Each element of the list stored in @users contains one line of user information. Because this program needs only the first word of each line, lines 10-12 get rid of everything else (except, again, for the trailing newline character). After this loop is complete, the array in @users contains a list of users logged on.

Line 13 prints the current time, as stored in $time. Note that print does not need to specify a trailing newline character, because $time contains one.

Lines 16-21 sort the list of users in @users and prints them. Because a user can be logged on more than once, $prevuser stores the last user name printed. The value stored in $user is not printed unless it is not the same as the value stored in $prevuser.

Redirecting One File to Another

Many UNIX shells enable you to direct both the standard output file and the standard error file to the same output file. For example, in the Bourne shell sh, the command


$ foo >file1 2>&1

runs the command foo and stores the output from the standard output file and the standard error file in file1.

Listing 12.2 shows how you can do this in Perl.


Listing 12.2. A program that redirects the standard output and standard error files.

1:  #!/usr/local/bin/perl

2:  

3:  open (STDOUT, ">file1") || die ("open STDOUT failed");

4:  open (STDERR, ">&STDOUT") || die ("open STDERR failed");

5:  print STDOUT ("line 1\n");

6:  print STDERR ("line 2\n");

7:  close (STDOUT);

8:  close (STDERR);


This program produces no output.

The following are the contents of the output file file1:


line 2

line 1

As you can see, these lines aren't in the order intended. To understand what is happening, let's examine this program in more detail.

Line 3 redirects the standard output file. To do this, it opens the output file file1 and associates it with the file variable STDOUT; this closes the standard output file.

Line 4 redirects the standard error file. The argument >&STDOUT tells the Perl interpreter to use the file already opened and associated with STDOUT. This means that the file variable STDERR refers to the same file as STDOUT.

Lines 5 and 6 write to STDOUT and STDERR, respectively. Because these file variables refer to the same file, both lines are written to file1. Unfortunately, they are written in the wrong order. What has happened?

The problem arises because of how UNIX handles the writing of output. When you use print (or any other function) to write to a file such as the standard output file, what the UNIX operating system really does is copy the output to a special internal storage area called a buffer. (You can think of a buffer as a giant character string or as an array of characters.) Subsequent output operations continue writing to the buffer until it is full; when the buffer is full, the entire buffer is written out. Copying to a buffer and then writing out the entire buffer takes much less time than writing individual lines of text. (This is because, on most machines, input-output operations are slower than memory-access operations.)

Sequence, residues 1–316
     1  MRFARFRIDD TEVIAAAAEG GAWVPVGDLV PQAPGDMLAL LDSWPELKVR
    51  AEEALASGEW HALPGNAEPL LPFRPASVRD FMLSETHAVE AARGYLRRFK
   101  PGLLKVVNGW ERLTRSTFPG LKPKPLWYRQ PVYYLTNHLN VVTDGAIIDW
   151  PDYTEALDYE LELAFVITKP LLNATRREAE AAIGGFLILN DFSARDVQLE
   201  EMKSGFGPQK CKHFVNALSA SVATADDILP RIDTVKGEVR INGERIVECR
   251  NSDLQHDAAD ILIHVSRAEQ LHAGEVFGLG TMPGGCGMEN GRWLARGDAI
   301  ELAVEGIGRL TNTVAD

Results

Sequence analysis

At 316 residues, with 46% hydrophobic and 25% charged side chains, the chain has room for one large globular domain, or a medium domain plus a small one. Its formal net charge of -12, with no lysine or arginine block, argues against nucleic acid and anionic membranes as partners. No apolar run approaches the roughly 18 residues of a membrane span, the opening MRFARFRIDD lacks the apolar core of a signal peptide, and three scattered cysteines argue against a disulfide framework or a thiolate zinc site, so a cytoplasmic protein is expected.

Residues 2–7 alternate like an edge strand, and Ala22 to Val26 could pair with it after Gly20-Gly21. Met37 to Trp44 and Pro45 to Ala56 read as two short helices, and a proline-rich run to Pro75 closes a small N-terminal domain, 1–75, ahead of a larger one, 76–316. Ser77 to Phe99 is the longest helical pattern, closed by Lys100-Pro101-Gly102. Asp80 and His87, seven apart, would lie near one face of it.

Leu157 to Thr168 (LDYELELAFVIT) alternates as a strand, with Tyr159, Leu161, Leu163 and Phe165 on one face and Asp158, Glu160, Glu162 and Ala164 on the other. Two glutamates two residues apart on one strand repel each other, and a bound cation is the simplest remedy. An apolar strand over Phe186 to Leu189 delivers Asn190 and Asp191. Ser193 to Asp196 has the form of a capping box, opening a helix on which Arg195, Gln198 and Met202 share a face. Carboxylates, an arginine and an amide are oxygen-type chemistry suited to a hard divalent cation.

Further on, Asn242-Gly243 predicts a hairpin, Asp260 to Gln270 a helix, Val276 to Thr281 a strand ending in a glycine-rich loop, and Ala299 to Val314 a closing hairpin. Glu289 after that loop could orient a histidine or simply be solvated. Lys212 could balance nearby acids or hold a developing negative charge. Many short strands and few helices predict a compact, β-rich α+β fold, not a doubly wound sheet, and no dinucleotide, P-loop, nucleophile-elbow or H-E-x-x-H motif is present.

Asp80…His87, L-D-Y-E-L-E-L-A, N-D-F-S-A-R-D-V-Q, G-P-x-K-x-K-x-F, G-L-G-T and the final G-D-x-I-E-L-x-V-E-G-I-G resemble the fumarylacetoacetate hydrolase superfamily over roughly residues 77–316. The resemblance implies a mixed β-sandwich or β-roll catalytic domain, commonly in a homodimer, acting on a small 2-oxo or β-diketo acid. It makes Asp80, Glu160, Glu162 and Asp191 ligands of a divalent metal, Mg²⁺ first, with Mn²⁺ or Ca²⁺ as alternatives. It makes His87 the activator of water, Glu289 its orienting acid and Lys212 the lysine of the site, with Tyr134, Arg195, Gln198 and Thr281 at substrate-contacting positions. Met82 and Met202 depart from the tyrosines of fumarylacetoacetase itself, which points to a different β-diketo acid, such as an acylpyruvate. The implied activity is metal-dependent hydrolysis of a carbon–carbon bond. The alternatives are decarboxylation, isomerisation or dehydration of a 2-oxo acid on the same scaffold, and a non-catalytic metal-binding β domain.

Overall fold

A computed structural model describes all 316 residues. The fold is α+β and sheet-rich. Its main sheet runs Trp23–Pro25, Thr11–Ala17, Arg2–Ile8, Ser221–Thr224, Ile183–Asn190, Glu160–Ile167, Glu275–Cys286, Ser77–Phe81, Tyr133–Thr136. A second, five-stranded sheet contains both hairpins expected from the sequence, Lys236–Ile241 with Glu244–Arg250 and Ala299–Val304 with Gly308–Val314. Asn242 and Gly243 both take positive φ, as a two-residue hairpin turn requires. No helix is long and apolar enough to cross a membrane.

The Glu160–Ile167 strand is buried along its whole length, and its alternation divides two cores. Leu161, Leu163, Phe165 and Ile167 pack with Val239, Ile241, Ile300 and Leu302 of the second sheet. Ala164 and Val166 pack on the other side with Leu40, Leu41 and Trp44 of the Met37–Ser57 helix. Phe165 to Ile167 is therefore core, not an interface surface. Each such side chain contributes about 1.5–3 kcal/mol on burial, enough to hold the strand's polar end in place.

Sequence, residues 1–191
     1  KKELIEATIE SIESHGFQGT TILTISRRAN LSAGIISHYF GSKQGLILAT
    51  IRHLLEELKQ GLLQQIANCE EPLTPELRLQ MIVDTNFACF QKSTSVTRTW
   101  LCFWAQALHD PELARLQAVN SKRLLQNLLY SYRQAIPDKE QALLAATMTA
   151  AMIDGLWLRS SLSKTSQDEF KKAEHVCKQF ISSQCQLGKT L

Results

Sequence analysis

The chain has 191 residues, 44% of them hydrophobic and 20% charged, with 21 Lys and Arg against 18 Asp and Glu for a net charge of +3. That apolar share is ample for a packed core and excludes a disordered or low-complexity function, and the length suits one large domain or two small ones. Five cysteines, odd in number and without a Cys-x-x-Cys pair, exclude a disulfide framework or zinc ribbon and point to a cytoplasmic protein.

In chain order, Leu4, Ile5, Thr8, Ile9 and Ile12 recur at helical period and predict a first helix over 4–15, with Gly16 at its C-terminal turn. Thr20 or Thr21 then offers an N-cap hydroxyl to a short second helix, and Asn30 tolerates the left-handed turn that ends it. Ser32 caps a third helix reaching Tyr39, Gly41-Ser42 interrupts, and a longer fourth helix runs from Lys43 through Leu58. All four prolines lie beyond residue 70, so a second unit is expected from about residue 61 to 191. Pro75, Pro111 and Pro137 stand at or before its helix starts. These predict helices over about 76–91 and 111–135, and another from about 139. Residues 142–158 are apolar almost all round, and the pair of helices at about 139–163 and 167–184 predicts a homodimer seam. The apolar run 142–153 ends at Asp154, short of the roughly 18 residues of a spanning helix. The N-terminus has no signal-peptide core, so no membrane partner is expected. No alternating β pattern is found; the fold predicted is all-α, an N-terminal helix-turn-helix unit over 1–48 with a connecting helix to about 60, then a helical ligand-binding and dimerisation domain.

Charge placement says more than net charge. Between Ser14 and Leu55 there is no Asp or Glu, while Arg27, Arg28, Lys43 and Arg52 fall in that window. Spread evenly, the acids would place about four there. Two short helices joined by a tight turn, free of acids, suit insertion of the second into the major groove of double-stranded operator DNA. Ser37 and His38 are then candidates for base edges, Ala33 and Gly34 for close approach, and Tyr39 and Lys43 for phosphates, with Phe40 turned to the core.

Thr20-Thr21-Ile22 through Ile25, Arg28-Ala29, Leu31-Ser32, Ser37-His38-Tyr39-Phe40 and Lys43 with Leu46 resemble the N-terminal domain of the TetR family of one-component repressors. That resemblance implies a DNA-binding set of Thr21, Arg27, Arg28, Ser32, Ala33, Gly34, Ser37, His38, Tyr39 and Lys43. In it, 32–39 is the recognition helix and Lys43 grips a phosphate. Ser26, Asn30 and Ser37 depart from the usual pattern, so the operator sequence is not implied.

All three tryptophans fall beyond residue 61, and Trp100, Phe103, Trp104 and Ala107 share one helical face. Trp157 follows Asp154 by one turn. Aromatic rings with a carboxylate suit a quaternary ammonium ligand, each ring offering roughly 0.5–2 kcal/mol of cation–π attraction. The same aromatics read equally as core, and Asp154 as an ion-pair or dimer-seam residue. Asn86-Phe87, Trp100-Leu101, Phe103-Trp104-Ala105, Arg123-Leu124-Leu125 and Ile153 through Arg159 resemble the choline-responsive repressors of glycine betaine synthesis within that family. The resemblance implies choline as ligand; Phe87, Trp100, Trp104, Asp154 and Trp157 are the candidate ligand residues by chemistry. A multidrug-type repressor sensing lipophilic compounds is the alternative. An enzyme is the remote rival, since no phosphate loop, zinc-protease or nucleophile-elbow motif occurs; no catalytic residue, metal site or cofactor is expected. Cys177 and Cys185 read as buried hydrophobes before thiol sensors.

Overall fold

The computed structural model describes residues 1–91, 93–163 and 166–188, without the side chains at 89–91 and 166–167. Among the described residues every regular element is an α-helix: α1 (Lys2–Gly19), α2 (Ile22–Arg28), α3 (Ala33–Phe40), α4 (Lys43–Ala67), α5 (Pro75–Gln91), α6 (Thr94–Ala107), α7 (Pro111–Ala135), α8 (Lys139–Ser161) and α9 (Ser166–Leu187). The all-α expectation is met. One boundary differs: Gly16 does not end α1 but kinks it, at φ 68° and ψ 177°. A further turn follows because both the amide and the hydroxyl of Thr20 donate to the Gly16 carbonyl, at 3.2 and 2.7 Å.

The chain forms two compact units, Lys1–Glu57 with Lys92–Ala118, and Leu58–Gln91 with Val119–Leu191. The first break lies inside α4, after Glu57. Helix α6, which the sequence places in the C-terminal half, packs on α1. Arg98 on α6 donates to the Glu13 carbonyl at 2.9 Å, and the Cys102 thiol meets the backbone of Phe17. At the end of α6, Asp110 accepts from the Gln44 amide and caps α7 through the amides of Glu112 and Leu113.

When a program ends, any non-empty buffers are written out. However, the system maintains separate buffers for STDERR and STDOUT, and it writes out the buffer for STDERR first. This means that line 2, which is stored in the STDERR buffer, appears before line 1, which is stored in the STDOUT buffer.

To get around this problem, you can tell the Perl interpreter not to use a buffer for a particular file. To do this, do the following:

  1. Select the file using the select function.
  2. Assign 1 to the system variable $|.

The system variable $| indicates whether a particular file is to be buffered (in other words, whether it should use a buffer or not). If $| is assigned a nonzero value, no buffer is used. As with $~ and $^, assigning to $| affects the current default file, which is the file last specified in a call to select (or STDOUT, if select has not been called).

Listing 12.3 shows how you can use $| to ensure that your output lines appear in the correct order.


Listing 12.3. A program that redirects standard input and output and turns off buffering.

1:  #!/usr/local/bin/perl

2:  

3:  open (STDOUT, ">file1") || die ("open STDOUT failed");

4:  open (STDERR, ">&STDOUT") || die ("open STDERR failed");

5:  $| = 1;

6:  select (STDERR);

7:  $| = 1;

8:  print STDOUT ("line 1\n");

9:  print STDERR ("line 2\n");

10: close (STDOUT);

11: close (STDERR);


This program produces no output.

The contents of the output file file1 are now the following:


line 1

line 2

Line 5 sets $| to 1, which tells the Perl interpreter that the current default file does not need to be buffered. Because select has not yet been called, the current default file is STDOUT, which means that line 5 turns off buffering for the standard output file (which has been redirected to file1).

Line 6 sets the current default file to STDERR, and line 7 once again sets $| to 1. This turns off buffering for the standard error file (which has also been redirected to file1).

Because buffering has been turned off for both STDERR and STDOUT, lines 8 and 9 write to file1 right away. This means that the output lines appear in file1 in the order in which they are printed.

Specifying Read and Write Access

To open a file for both read and write access, specify +> before the filename, as follows:


open (READWRITE, "+>file1");

This opens the file named file1 for both reading and writing. This enables you to overwrite portions of a file.